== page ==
In a Walmart, in the Deep South, I counted 14 DVDs on sale that featured entirely Asian casts. When adding DVDs with a mixed cast but an Asian character prominently featured (and illustrated on the cover art), I could add 3 more. Adding one particular film with several different collectible covers, in this case, 'Ip Man' with Donnie Yen, the number is a tad higher. Throw in the number of anime DVDs that started much of this trend 25 years ago and the count is really high.

    Then I went on to discover 2 music CDs by Asian American performers.

    And finally a 'Thor' official movie zine designed for young folk. It featured nice full color images of Asano Tadanobu as 'Hogun' a good 9 or 10 times (with one full page mini poster of him that teen girls often hang on their doors - at least they did in my youth... I had Bruce Lee).

    I realize that in some parts of North America people might be shrugging and thinking, "Big deal." Places like New York City or San Francisco or Toronto. But I live in a part of the world that traditionally does not enjoy such easy access to Asian arts. It has always been a case where much effort is involved in the search alone (before the internet, one used snail mail orders by such specialty services as the old 'Bud Plant's Incredible Catalog'). Add to that the extra high expense of getting items that are considered rare in this area... especially when they are shipped in from overseas.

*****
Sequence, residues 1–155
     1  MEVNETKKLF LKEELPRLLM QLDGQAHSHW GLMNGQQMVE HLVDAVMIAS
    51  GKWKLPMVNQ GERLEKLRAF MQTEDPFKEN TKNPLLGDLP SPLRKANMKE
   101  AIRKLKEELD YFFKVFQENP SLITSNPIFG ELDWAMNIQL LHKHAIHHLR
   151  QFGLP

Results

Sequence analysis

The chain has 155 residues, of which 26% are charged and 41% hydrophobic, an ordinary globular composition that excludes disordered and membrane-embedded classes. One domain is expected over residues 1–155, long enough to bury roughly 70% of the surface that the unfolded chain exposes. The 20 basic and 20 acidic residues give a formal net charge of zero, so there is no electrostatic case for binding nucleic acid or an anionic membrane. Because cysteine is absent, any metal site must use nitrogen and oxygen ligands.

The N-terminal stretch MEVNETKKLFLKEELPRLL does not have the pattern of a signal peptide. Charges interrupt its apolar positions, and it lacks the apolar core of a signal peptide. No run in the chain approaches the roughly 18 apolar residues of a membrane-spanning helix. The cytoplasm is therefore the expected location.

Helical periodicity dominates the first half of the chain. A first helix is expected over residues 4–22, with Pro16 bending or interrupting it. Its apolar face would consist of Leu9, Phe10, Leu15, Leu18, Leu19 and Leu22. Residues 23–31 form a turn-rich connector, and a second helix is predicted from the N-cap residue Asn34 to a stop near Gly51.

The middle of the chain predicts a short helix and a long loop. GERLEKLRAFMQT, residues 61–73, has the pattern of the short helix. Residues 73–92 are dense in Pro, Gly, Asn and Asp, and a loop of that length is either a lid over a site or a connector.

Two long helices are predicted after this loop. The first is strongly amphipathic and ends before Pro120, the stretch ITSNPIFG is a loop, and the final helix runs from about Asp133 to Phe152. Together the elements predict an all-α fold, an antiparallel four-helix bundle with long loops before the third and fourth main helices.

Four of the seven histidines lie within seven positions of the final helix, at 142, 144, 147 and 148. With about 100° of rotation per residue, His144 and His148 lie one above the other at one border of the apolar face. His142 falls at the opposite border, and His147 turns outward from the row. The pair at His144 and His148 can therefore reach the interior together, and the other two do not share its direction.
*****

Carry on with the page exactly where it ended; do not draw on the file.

Five years ago, I would have seen none of this in a Walmart. The animes might have been available in some Best Buys and Barnes and Nobles. The comic shops have always been pretty good about having things you couldn't locate elsewhere for their eclectic clients.

    But the Walmarts always seemed to stick to the average and the mainstream at affordable (sort of) prices. Which means, hopefully, that the average and the mainstream is starting to absorb Asian identities into itself. Finally.

    Yes - most of the films were of the action and epic adventure genre. Yes - my favorites are not there yet, such as the cerebral 'Last Life in the Universe'. But it's that change thing again... slow and ponderous. Unfortunately for me, most of the public only wants to see adrenaline rush flicks, not the quiet and quirky material that I often favor. I've had to learn to live with that as well.

    So I see this as it is (despite the fact that there are still imperfections) - a small but positive sign that things are still changing in the right direction.

    And to help encourage that change I voted with my wallet. I bought two of the DVDs:

    'The Warlords' with Jet Li, Andy Lau and Takeshi Kaneshiro

    'Shinobi' with Yukie Nakama, Jo Odagiri and Tomoka Kurotani

    Monday, May 2, 2011

    Small Steps

    by Lori:

    So often in online community discussion groups we hear complaints about how the western media have marginalized Asians, largely relegating them to stereotypical roles and casting Caucasian actors even in movies based on Asian heroes. We're hungry to see art truly reflect life, and we know that a wealth of Asian talent exists out there which is being overlooked, if not outright snubbed. However, positive portrayals of Asians have lately been sneaking in through one of media's unlikely back doors...reality shows.